Treasury looters’ travails, Buhari’s dilemma
SIR: One has to be in President Muhammadu Buhari’s shoes to understand his dilemma. If you don’t harass these high profile ‘suspected’ treasury looters and make them vomit the loot they’d deploy this same ill-gotten wealth as a veritable armour to torpedo the system and drive it aground, so things can continue the way they have always been.
And if we say, as some have been advocating, that the President should stop arresting past government officials who are deemed to have looted the treasury, and instead allow the unfettered hands of the law to take care of them, two years, four years, even 10 years from now, no one single case involving these people would be decided. If we are going to rein in corruption or have it totally crushed in this country, we need a no nonsense iron-willed personality like Buhari on the driver’s seat; a man who’d not allow himself to be encumbered with the niceties of the law, undemocratic as it may sound.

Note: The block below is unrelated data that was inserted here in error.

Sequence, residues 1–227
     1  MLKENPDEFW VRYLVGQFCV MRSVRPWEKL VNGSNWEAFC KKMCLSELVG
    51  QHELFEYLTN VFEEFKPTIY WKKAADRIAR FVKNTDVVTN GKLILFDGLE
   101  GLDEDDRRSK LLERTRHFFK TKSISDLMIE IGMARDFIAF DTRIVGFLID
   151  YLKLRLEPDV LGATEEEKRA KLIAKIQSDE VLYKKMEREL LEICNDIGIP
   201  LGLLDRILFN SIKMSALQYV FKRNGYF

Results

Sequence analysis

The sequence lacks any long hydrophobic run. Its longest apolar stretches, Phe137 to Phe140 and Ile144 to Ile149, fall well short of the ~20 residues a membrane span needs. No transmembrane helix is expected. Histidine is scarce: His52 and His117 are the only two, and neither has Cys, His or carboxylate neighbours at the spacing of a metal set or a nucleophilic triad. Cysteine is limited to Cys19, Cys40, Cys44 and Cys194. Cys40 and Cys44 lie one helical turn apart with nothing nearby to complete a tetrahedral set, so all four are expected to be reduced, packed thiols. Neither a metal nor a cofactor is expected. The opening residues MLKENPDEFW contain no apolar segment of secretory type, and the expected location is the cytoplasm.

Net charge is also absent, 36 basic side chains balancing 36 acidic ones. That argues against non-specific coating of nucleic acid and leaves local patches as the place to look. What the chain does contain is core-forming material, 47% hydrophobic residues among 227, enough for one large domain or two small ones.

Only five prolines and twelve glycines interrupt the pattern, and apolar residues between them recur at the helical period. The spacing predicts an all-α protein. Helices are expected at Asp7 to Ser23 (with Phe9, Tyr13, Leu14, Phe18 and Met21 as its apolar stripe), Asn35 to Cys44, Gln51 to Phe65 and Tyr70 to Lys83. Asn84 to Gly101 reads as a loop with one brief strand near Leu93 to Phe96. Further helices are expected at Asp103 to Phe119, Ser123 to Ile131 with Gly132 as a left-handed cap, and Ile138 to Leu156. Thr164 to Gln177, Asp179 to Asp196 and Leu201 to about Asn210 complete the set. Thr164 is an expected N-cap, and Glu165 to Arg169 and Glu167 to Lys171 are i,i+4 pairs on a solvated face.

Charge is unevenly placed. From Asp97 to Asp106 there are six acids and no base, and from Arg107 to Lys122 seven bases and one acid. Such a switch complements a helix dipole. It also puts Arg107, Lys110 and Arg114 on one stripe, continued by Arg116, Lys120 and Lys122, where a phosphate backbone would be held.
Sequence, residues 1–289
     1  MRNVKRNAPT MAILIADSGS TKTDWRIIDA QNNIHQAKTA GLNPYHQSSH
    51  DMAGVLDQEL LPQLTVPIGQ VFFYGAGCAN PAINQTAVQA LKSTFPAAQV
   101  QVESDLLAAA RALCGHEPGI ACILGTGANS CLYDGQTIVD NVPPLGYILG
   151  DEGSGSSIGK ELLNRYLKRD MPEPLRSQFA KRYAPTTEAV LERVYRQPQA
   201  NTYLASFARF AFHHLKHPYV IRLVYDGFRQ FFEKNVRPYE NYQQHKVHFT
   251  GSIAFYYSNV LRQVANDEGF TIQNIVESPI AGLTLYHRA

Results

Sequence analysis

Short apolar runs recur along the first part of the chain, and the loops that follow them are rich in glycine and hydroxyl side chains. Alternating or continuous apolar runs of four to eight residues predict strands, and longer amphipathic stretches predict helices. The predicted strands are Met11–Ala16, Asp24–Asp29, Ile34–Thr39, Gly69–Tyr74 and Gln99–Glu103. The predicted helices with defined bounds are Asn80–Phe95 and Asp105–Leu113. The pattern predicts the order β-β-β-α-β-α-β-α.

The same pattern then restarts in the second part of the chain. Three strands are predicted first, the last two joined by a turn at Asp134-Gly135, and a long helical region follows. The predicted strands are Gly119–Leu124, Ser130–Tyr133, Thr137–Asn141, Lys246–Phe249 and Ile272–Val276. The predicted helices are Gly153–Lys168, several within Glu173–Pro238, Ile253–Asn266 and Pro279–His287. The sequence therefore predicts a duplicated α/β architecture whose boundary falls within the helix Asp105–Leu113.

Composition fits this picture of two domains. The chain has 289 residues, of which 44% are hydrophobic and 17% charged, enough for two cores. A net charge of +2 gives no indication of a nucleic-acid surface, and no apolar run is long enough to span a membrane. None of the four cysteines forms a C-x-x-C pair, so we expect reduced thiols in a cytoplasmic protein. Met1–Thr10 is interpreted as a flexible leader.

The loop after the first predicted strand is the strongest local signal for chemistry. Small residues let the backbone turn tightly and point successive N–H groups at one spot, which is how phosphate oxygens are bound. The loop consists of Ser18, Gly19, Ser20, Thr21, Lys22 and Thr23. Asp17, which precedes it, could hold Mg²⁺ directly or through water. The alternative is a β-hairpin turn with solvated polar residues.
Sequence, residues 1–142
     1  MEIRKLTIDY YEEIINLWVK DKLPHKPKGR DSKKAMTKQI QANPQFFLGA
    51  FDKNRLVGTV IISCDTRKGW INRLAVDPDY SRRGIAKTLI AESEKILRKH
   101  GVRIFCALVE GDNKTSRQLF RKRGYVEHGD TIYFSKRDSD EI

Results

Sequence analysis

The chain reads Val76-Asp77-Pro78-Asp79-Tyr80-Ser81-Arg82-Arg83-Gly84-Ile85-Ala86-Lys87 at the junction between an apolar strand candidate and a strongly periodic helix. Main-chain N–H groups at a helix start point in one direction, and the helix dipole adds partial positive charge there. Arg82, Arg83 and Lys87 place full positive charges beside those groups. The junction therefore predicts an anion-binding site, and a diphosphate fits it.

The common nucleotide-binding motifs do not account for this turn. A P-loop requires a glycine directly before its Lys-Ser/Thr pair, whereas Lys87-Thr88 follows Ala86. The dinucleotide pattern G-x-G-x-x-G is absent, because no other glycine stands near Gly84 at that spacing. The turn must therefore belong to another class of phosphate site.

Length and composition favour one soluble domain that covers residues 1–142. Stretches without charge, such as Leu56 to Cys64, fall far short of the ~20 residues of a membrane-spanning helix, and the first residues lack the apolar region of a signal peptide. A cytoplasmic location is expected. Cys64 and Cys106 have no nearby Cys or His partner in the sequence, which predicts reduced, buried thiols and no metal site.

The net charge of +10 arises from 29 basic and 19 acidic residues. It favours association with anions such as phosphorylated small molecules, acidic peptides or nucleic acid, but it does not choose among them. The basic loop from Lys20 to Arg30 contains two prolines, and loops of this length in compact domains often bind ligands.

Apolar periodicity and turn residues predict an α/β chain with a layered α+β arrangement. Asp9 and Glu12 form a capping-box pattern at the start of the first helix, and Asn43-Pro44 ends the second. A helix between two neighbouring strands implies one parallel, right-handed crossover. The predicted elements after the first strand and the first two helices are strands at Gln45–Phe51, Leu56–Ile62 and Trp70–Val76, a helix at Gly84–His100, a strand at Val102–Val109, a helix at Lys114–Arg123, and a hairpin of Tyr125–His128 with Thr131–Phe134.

With the damage that several past administrations had inflicted on the nation, all that should concern us now shouldn’t be the method adopted by Mr. President to get those who had cornered the wealth of this nation to return them. If in the process of looking for our stolen money Buhari declares anyone guilty even before they are tried in the law court, good and fair. Let him go ahead, so long as he can retrieve this money from the looters.
It is evident the type of people who are currently not having it easy with Buhari even without waiting for the law court to tell us so. Buhari was elected solely to help the country clean the Augean stables. To do so requires toughness, stepping on toes and, this is where some people are not comfortable with the president, breaching some so called legal niceties. Instead of calling the president names or trying to demonize him, the best we should do is pray for him that God will guide him in the onerous task of giving us a changed country.